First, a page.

Sunday, May 08, 2022



Aristophanes, Birds 1271-1273 (tr. Stephen Halliwell):
O Peisetairos! Blessed! O wisest of men!
Illustrious! Most wise! Most brilliant too!
O three-times-blessed! [faltering] What's next?

ὦ Πισθέταιρ᾽ ὦ μακάρι᾽ ὦ σοφώτατε,
ὦ κλεινότατ᾽ ὦ σοφώτατ᾽ ὦ γλαφυρώτατε,
ὦ τρισμακάρι᾽ ὦ — κατακέλευσον.
Critical apparatus from N.G. Wilson's edition in the Oxford Classical Texts series:
There is no discussion of this passage in N.G. Wilson, Aristophanea: Studies on the Text of Aristophanes (Oxford: Oxford University Press, 2007).

Nan Dunbar (student edition) ad loc.:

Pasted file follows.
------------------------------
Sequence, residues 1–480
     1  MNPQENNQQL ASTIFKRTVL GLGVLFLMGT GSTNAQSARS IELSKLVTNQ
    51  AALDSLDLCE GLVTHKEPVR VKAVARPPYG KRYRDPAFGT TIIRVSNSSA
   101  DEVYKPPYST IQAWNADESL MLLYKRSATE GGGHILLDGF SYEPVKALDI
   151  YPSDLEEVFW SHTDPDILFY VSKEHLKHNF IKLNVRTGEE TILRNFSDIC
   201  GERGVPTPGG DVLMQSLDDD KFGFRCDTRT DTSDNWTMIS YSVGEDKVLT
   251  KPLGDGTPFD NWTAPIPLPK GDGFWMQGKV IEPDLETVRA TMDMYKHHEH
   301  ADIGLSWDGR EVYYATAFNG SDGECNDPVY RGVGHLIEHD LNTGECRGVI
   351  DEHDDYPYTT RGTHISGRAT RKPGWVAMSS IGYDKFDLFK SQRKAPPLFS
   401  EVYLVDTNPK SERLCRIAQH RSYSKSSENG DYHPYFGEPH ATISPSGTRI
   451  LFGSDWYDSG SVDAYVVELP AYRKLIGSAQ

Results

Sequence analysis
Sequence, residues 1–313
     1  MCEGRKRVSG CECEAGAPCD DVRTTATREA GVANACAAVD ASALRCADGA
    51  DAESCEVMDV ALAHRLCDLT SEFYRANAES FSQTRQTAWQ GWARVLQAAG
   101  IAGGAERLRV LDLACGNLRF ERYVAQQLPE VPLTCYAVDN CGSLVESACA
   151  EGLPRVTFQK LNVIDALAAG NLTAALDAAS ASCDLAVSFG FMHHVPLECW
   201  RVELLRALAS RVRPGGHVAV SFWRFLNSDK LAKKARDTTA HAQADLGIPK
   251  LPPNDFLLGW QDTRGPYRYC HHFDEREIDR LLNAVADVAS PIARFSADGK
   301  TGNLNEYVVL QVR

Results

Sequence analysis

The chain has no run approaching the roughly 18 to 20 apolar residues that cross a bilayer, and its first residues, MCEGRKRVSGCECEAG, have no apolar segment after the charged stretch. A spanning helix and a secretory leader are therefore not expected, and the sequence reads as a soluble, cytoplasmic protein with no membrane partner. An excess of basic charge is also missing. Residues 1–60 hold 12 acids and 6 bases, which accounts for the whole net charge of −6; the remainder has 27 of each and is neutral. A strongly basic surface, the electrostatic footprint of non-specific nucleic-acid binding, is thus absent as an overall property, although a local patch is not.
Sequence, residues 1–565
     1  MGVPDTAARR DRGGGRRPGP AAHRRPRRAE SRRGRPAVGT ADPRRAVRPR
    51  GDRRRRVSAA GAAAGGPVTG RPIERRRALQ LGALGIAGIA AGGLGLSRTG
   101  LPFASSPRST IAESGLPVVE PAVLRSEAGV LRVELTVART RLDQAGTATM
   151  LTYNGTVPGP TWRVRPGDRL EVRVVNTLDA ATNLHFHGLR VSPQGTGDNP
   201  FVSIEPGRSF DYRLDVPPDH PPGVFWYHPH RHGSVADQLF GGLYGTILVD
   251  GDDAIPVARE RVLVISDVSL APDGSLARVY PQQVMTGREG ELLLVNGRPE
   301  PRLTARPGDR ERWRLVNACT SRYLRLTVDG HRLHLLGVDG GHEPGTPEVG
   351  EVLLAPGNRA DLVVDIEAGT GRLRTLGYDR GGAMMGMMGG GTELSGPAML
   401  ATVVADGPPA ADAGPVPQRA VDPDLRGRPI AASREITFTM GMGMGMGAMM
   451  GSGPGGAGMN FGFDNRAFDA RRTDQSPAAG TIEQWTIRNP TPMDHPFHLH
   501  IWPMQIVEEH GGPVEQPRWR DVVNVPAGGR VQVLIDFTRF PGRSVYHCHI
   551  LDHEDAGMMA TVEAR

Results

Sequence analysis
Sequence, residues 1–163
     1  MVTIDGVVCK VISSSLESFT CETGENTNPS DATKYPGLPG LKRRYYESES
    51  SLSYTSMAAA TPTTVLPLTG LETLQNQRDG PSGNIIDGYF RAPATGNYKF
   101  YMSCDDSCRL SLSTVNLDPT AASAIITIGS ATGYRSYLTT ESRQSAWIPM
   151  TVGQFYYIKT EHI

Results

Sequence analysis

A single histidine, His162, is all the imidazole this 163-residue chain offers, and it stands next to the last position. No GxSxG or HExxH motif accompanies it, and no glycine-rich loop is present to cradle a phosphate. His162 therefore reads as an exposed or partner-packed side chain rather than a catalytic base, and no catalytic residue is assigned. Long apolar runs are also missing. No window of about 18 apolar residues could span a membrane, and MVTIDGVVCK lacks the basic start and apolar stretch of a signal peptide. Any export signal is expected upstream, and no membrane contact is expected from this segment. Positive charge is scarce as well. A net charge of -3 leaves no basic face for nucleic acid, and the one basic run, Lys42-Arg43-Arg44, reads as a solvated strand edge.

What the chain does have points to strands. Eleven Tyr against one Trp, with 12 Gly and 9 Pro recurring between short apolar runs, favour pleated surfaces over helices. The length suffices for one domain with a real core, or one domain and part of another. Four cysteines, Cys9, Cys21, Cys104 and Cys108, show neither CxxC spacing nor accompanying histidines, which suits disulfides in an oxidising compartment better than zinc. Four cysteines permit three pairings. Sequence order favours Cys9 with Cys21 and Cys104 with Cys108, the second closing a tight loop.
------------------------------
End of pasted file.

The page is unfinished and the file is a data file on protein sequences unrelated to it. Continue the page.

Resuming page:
This string of vocatives has (not surprisingly) caused confusion in the paradosis, and edd. disagree whether the repetition of ὦ σοφώτατ᾽ (1271, 1272) is a scribal error, having in one or other line ousted something else from the text, or Ar.'s device to make the herald's greeting sound too excited and spontaneous to be polished. The question is complicated by uncertainty over the meaning of imper. κατακέλευσον in 1273; in Σ it is variously glossed by σιωπὴν κήρυξον, 'call for silence', and παύσασθαι παρακέλευσαί μοι, 'tell me to stop', implying that the herald himself cannot think how to end his stream of + voc., although running out of superlatives. Both explanations see a reference to orders given by boatswains to rowers. As the only other ex. of the verb in class. Gr., at Ra. 207 κατακέλευε δή (Dionysos to Charon when beginning to row), seems from Charon's response to mean give the tempo to rowers, the herald here could be appealing to Peis. either to steady his (already faltering) rhythm by providing more vocatives, or helpfully to give him the cue to end the greetings and begin his message. On either interpretation Ar. himself probably indicated the herald's limited resources by the inelegant repetition of ὦ σοφώτατ᾽ in 1271-2. Alternatively the herald may be asking Peis. to order silence from the excited Chorus, who have begun to flutter about and utter cries when the herald carrying a golden crown begins to pour out praises of Peis.; in that case Peis. does so by a wordless gesture while asking the herald for his message. But even then the repeated ὦ σοφώτατ᾽, although comically artless, would not be strange: his σοφία (cf. 1274-5) is the stated reason for mankind's honouring Peis. With ὦ τρισμακ. beginning 1273, not 1272, its reinforcement of the initial ὦ μακάρι᾽ aptly shows the herald's effort to create a climax just before he decides that he must stop. The encomiastic vocatives piled up here mix congratulation of Peis. on his triumph (over the Olympians) with praise of the mental powers which have produced it. ὦ μακάρι᾽ . . . ὦ τρισμακάρι᾽. 'Blessedness' is normally reserved for the gods, and exceptionally predicated of humans at some peak of good fortune, e.g. on marrying (1721-2n.), winning an athletic victory (Pi. P. 5.20-1), or having outstanding offspring (Nu. 1206-8). The congratulation on his σοφία (cf. Nu. 1206-7) prepares for the citation explaining the award of the golden crown (1274-5n.). ὦ γλαφυρώτατε. The adj., lit. smooth, occurs first here of mental qualities, presumably = subtle, astute, from its regular association with σοφός vel sim. ὦ κατακέλευσον. For + imper. cf. 661 n.; for ὦ κατακέλευσον see above on 1271-3.

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